Ithaca, N.Y. — Mayor Svante Myrick spoke about the Ithaca Commons construction in an interview published on WHCU Radio’s website on Monday.

The city has faced criticism for the project, which has been delayed repeatedly and frustrated local merchants who say their businesses have been hurt by the disruption.

Here are 7 things we learned from Myrick’s interview:

1 — Myrick: NYSEG’s corporate office in Spain caused delays

Asked what had caused the delays to the project, Mayor Myrick said NYSEG moved much too slowly to get its part of the work completed.

This was out of the city’s hands, Myrick said.

“They weren’t working for us; they were working for a contractor,” Myrick said of NYSEG. “We told them we needed them to move faster they just couldn’t or wouldn’t do it.”

Myrick said it took months of “wrangling” to get a meeting with someone “high up” in NYSEG “to ask them to double their crews, to double their commitment to get this thing done.”

WHCU’s interviewer Lee Rayburn pushed Myrick: Could he expound on whether they didn’t work faster because they couldn’t or wouldn’t?

Myrick responded: “I’ll say the local crews couldn’t without the approval from their corporate office, which is now in Spain.”

Rayburn laughed and expressed surprise. He joked, “Do you speak Spanish?”

Myrick went on to explain that when NYSEG started a large amount of work, they only did so with “one small crew. And we said, ‘Look, you have a huge work space … you can double or triple this.’”

But, Myrick said, the office in Spain caused hold-ups. (NYSEG was acquired by a Spanish company in 2007, according to The Syracuse Post-Standard.)

“They had to put in a request with the corporate office in Spain … and that took some time to come back with approval,” Myrick said.

“…They cost us several months of prime construction season.”

2 — City denies flooding allegations

During the project, some Commons merchants complained that Ithaca’s crews had caused flooding in their stores. Myrick called the claims “serious allegations.”

To investigate, Myrick said, the city put dye into the water hitting the shops’ roofs during a storm. They discovered that this was the same water that ended up in their basement.

“What they were accusing us of was (that) we replaced their water connection and in so doing caused the leak,” Myrick said, adding that what actually happened was that crews had severed an illegal storm drain.

“It’s not the fault of the city; it’s the fault of the property owner.”

3 — Should construction crews work on weekends?

Myrick said that, so far, the crews have not been working on weekends at the merchants’ request.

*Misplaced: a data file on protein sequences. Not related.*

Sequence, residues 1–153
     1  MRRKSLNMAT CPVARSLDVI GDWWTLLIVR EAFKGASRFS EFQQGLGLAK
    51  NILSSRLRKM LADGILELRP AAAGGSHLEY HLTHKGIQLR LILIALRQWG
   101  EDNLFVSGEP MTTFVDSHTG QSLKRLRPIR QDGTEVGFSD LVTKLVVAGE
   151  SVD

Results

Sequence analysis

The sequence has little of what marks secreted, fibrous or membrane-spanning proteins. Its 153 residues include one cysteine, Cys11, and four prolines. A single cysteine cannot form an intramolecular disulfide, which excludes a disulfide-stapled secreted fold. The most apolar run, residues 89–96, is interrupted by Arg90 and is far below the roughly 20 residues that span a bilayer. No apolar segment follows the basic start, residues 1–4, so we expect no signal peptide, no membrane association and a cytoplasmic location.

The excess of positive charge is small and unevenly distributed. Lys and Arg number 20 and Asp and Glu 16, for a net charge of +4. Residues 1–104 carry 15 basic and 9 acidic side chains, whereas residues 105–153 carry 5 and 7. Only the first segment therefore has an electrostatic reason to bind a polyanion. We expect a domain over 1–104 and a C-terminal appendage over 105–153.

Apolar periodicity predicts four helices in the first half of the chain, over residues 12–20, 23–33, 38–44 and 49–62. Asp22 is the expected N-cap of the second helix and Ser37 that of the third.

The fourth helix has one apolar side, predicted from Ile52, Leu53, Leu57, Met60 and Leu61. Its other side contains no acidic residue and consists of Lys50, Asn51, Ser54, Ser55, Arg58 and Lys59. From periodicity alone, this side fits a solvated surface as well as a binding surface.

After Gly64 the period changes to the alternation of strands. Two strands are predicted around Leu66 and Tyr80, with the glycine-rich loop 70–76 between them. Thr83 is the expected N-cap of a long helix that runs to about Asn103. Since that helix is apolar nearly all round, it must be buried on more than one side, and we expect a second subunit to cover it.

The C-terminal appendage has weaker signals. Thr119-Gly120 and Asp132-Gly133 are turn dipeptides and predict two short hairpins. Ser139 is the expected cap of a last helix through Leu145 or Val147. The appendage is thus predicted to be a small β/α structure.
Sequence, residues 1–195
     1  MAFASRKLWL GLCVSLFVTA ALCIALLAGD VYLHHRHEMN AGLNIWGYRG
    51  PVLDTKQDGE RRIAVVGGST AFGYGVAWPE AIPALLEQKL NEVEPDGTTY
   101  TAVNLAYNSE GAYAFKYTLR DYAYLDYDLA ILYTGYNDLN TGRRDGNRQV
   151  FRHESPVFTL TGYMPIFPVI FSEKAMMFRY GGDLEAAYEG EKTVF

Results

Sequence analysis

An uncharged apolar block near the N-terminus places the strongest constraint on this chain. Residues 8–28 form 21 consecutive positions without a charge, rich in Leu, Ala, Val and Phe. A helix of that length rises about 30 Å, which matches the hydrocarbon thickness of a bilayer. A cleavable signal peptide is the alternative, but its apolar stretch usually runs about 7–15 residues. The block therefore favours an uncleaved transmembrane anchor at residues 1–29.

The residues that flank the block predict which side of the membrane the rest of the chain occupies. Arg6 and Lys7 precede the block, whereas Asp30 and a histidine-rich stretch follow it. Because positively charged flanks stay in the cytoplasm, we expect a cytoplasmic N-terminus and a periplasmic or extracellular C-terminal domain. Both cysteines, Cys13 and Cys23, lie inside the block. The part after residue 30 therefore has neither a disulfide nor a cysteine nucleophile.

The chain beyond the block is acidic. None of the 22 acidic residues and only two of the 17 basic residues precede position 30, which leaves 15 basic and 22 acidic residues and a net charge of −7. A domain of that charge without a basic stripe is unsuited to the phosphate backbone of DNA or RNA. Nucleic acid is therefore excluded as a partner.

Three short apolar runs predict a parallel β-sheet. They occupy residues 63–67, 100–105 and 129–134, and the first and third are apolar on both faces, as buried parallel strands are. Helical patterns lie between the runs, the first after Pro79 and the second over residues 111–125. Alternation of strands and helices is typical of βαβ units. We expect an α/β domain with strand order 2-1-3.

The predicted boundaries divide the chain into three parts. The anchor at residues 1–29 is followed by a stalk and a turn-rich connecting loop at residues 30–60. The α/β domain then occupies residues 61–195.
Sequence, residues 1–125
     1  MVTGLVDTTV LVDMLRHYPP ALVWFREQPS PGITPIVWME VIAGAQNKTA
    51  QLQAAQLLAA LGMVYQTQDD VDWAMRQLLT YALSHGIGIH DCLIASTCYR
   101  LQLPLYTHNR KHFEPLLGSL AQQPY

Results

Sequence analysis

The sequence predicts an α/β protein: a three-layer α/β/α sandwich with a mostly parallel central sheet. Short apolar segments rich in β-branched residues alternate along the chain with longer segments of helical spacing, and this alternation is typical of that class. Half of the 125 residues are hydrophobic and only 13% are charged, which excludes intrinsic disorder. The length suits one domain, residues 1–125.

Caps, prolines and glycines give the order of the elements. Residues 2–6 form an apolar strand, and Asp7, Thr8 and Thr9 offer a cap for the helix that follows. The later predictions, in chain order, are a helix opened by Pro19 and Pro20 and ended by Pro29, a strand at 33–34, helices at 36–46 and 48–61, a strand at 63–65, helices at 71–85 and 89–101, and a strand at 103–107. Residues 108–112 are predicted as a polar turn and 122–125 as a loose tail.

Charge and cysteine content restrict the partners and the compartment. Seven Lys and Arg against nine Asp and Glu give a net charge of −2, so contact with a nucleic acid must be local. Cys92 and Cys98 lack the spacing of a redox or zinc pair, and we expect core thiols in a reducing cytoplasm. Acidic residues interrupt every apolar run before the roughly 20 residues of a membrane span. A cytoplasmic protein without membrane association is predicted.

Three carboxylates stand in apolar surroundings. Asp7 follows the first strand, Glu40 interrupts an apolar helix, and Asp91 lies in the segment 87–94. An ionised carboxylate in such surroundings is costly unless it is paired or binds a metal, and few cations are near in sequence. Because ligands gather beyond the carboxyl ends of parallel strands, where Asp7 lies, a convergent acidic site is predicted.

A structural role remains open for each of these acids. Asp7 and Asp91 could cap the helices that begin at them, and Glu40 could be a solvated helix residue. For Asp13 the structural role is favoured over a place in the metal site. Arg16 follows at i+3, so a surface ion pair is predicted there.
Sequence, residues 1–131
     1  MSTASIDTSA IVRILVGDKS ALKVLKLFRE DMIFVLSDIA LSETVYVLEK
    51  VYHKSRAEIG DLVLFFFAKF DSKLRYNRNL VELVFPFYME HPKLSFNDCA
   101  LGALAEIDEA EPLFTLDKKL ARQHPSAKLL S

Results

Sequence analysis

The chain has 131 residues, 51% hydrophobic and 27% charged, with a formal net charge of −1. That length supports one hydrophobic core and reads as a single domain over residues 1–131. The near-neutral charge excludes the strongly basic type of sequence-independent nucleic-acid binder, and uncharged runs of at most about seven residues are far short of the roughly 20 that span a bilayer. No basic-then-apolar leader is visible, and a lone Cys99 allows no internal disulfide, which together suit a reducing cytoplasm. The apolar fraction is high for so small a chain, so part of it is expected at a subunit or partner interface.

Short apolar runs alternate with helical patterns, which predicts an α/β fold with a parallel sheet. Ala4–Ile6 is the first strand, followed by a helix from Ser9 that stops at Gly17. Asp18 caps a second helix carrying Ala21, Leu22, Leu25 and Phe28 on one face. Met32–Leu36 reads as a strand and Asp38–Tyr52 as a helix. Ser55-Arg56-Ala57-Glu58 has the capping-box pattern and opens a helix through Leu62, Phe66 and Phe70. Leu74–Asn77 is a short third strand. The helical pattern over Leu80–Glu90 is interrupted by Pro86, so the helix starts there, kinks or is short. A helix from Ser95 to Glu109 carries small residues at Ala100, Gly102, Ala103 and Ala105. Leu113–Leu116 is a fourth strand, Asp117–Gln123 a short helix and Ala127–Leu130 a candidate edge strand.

“We’ve been avoiding working on the weekends because we heard from the merchants in the beginning that they’d like no movement on the weekends to allow customers to shop in a dust-free and noise-free environment,” Myrick said.

Given the length of the project, however, that may change. Myrick suggested a willingness to change this ban on weekend construction based on the feedback from some merchants.

4 — Meeting on Thursday

A meeting will be held on Thursday morning “with as many merchants as we can round up,” Myrick said.

The city will “invite them to come in and let us know how they’d like us to run this thing from here till the end,” Myrick said.

5 — Pay to park

At the City Hall meeting, several Commons merchants suggested some sort of free parking option as compensation for the effect of the construction.

Myrick said this would be difficult to manage. He made two points:

1 — In fact, more people have been parking in the city’s parking lots recently than they had been before the construction season.

2 — “You might have some people who work downtown or live downtown take up all the good spaces,” making it difficult for customers to find somewhere to park — and proving counter-productive to the shops’ goals — Myrick said.

6 — Winter work

Myrick said the city is “looking now to see what it would take to work through the winter.”

Michael Kuo, the project manager, has noted that concrete can’t be set during the frigid winter months.

But, Myrick said, the city may look at erecting the Commons pavilion in January and February.

“It’ll be cold work,” he noted, “but at least it’s possible.”

7 — The finish line!

WHCU’s Rayburn asked if August 2015 was a firm, final date for the construction project.

Myrick said he thought the date could be moved up. He said there’s “very little to no chance it could be moved back.”

“The most complicated parts are done,” Myrick said.

“What we’ve done this past year is just gargantuan.”

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Jeff Stein

Jeff Stein is the founder and former editor of the Ithaca Voice.